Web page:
ADHD children treated with atypical antipsychotics and antidepressants for depression or other behavior disorders are at greater risk for developing diabetes mellitus.
While atypical antipsychotics are traditionally used to treat schizophrenia, I’ve found more and more doctors using them to treat bipolar disorder, agitated depression, anxiety associated with depression, major depressive disorder, oppositional behavior disorder, conduct disorder, and obsessive-compulsive behavior disorder.
It’s currently estimated in excess of 40 children per 1000 children in the U.S. are being treated for one of the above behavior problem diagnoses using second generation (atypical) antipsychotics. This number has increased dramatically since 1996 at which point only about 9 out of 1000 kids ages 5 to 18 years were exposed to these drugs.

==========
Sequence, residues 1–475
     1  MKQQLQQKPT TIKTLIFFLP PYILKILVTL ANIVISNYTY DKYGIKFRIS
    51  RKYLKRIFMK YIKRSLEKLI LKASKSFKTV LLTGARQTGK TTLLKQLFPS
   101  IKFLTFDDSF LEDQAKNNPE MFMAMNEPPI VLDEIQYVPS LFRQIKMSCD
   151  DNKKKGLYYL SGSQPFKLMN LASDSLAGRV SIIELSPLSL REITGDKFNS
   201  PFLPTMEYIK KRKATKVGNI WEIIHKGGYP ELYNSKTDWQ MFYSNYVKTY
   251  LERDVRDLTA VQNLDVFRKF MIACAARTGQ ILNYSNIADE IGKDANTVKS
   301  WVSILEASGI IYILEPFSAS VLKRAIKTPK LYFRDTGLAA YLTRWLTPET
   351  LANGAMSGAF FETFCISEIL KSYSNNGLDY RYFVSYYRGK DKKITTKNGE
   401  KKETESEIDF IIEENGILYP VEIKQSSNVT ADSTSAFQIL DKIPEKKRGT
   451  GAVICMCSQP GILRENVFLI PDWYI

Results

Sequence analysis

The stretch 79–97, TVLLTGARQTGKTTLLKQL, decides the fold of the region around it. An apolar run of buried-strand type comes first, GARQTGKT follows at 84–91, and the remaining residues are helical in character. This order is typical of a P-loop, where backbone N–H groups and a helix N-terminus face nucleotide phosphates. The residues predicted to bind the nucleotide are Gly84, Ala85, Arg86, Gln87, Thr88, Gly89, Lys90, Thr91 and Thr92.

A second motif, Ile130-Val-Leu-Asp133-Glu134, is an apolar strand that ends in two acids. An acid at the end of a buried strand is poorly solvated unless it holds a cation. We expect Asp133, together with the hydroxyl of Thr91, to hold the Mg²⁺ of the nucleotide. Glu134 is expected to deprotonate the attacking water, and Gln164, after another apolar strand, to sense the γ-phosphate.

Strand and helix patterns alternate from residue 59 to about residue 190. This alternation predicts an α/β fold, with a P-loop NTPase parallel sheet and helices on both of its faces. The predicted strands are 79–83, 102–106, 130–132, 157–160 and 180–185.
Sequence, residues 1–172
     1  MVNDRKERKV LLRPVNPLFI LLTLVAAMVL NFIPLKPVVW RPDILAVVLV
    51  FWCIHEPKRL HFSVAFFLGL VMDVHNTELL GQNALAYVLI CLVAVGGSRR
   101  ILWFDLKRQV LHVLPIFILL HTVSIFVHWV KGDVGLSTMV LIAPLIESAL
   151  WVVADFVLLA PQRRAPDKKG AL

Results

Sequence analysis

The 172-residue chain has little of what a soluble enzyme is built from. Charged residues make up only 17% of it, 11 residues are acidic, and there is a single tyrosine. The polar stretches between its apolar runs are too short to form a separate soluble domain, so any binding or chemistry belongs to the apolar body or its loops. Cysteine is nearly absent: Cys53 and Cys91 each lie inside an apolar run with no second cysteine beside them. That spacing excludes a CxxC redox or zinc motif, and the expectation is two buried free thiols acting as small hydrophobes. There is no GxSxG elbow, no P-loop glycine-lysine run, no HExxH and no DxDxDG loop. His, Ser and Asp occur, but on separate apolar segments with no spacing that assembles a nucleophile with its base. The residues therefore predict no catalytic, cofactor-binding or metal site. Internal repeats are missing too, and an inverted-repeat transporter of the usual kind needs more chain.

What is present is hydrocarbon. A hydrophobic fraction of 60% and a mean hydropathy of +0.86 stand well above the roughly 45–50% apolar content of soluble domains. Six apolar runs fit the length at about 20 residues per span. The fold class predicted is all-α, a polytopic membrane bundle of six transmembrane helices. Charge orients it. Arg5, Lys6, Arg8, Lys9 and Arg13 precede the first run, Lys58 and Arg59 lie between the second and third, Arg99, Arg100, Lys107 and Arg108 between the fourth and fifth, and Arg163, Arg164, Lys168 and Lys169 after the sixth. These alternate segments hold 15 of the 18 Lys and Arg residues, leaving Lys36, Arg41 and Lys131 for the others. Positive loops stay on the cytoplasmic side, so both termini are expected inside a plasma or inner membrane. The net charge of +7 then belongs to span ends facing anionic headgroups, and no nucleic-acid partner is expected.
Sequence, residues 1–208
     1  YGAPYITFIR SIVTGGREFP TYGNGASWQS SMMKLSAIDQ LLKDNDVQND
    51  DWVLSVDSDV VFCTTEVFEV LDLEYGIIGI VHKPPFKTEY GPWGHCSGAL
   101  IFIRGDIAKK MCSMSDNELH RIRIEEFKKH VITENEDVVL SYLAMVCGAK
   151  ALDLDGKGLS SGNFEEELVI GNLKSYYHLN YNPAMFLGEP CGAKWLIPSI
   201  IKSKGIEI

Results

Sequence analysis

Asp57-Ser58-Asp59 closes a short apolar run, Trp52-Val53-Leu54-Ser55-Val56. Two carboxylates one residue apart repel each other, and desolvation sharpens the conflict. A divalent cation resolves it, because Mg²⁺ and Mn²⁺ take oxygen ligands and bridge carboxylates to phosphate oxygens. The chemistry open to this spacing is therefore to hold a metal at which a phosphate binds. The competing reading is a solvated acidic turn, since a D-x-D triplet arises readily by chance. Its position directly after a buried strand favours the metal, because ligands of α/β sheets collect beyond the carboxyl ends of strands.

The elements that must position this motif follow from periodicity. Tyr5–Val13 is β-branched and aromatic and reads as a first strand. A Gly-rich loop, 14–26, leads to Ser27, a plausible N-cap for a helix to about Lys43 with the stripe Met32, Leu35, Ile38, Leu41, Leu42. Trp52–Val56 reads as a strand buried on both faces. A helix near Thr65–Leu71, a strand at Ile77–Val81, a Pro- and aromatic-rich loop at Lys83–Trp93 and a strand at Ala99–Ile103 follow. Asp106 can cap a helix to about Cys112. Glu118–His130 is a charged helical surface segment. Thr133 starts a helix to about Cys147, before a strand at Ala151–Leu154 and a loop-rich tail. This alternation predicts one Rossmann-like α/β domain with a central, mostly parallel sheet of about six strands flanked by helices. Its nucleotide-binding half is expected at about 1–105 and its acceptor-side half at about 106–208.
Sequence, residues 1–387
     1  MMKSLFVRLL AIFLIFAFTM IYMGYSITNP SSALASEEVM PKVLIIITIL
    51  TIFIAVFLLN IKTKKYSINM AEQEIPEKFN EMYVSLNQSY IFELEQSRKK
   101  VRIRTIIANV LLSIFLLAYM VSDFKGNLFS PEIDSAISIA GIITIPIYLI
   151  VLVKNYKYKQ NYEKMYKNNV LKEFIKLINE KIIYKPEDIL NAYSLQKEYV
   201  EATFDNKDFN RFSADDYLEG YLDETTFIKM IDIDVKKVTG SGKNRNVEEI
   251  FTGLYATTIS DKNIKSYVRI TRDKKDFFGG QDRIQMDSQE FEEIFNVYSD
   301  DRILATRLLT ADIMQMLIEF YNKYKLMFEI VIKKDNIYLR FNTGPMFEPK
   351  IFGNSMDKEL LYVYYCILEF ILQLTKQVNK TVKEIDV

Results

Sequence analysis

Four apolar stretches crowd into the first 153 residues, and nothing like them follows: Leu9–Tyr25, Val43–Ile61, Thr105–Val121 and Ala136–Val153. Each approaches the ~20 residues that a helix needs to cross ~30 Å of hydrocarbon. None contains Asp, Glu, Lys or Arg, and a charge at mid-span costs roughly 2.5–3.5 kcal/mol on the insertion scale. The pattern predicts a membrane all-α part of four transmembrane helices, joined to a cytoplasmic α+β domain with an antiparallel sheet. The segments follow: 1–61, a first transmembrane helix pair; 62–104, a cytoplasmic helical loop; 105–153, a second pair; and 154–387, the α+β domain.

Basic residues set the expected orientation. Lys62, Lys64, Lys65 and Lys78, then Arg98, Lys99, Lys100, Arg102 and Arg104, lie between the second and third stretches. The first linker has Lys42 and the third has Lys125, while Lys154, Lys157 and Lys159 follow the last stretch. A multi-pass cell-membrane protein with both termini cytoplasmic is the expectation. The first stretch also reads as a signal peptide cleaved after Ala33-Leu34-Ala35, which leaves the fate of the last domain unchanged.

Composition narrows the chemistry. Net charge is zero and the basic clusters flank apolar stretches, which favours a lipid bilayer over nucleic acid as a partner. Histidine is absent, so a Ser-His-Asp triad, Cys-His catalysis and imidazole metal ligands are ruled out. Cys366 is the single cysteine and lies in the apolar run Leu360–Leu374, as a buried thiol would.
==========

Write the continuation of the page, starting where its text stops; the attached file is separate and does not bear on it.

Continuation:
Unfortunately, with increasing use of atypical antipsychotics and antidepressants, significant side effects of these medications are starting to pop up-the most concerning being diabetes mellitus or sugar diabetes.
A new study released in the December issue of the medical journal Pediatrics showed a four-fold increased risk of diabetes… Read the rest among children exposed to atypical antipsychotics and a little less in those treated with antidepressants. While the study doesn’t well-define the exact number of children, who develop diabetes as a result of exposure